r mother asked hastily.
She hurried away and Marie followed her to the bedroom, while Osborn stood in the doorway, looking in at the two eager women about their joyous errand. He put his hands in his pockets and smiled. It was pleasant to be involved in the bustle about the precious thing they were unwrapping from swathes of tissue paper. "Be careful, dear," the elder woman kept saying, "there's a pin here." Or "Don't hurry, or you'll have the pleats out of place." And Marie's hands trembled over their task. When all the paper was removed, Mrs. Amber said importantly, "Now just lift it up; give it to me like that; I'll carry it in," but Marie cried: "No, I will," and she threw the gown over her shoulder till her head emerged as from the froth of sea waves, and ran into the sitting-room with it.
Mrs. Amber's eyes were moist with pride. "It's a beautiful dress," she said to Osborn, who had turned eagerly after his girl; "I want her to look sweet. Here, wouldn't you like to take something? Here's the shoes
Wow! What a ride! This book grabs you and won't let go! It is visceral. Pretty, delicate little Marie Amber marries big, strong, and handsome Osborn Kerr in a blissful cloud of princely dreams fulfilled. A life of everlasting joy will be hers, and at first it seems to be the case. Osborn pets and cossets her in just the way she has always known that she should be admired and adored. But then...things begin very slowly to unravel. Money matters loom large. Osborn is very used to having his own life just the way he wants it, and things can't help but change.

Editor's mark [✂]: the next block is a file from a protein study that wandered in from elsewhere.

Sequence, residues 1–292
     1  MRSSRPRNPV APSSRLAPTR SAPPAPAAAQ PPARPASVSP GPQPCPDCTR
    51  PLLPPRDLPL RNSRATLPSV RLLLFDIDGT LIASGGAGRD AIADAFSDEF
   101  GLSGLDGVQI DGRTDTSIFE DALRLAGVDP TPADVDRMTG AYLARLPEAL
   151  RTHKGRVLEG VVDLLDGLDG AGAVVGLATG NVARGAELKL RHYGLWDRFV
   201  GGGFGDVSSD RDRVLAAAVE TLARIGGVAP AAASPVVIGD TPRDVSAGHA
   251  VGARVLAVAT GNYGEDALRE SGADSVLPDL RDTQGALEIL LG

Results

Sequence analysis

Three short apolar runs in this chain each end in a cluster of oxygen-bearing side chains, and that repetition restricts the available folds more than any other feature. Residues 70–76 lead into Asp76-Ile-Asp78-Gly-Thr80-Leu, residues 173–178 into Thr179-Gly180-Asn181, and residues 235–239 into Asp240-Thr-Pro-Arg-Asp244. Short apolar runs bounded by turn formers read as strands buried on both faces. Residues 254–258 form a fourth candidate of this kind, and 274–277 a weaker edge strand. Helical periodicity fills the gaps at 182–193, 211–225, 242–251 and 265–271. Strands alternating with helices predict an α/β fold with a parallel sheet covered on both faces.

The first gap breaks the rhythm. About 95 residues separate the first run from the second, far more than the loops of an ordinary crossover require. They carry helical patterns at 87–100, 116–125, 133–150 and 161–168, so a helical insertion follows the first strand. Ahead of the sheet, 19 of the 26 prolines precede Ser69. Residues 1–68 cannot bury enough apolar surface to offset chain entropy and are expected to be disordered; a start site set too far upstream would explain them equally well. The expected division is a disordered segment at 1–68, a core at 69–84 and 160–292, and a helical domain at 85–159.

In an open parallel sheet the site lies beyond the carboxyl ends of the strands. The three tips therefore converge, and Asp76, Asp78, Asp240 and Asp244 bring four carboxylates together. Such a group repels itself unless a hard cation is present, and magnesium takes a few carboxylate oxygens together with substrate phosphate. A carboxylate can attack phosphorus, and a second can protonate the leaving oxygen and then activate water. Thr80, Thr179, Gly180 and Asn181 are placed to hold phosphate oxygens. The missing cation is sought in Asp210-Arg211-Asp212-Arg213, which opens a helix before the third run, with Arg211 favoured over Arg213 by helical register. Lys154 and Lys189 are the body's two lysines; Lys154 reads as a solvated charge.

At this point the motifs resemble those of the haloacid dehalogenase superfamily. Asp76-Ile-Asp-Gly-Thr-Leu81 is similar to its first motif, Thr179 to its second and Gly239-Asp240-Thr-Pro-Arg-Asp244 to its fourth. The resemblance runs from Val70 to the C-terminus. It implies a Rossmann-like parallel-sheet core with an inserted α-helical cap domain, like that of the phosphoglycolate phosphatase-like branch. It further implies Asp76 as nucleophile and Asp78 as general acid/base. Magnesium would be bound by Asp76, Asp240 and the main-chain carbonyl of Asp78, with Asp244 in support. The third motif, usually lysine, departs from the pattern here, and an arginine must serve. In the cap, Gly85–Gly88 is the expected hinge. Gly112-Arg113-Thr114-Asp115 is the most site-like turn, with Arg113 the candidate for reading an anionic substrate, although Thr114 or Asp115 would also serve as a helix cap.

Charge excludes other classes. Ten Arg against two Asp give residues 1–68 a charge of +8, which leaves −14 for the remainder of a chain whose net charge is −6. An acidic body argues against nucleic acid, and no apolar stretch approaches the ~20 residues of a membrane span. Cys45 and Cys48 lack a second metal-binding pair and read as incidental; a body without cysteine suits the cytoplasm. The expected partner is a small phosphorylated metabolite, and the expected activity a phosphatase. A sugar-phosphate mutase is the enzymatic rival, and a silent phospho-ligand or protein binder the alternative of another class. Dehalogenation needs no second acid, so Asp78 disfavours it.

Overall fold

This is a feminist work. Male readers will most certainly be appalled. Osborn is painted with a heavily tarred brush. May Edgington slowly unwinds the layers of his personality to reveal him as little more than selfishness incarnate. I know it sounds a bit over the top, but there is not a married woman alive (I don't care how wonderful your marriage) who won't relate on some level to this relationship. Slowly, insidiously, the marriage closes its eyes to its bright beginnings. Like I said, it is a woman's book—you live and breathe with Marie. The writing is wonderful, sometimes inspired. It is a stunning work. You hold your breath while watching this lovely young woman lose herself and then fight to regain her individuality and throw off the tyranny that threatens to destroy her. Osborn never has a clue, and yet, he is a fully-drawn character feeling unjustly tried by life. It is more than fascinating to watch them come to terms with themselves and each other. A brilliant work—more than that, it is a masterpiece of feminist writing that holds up nearly one hundred years after it was written.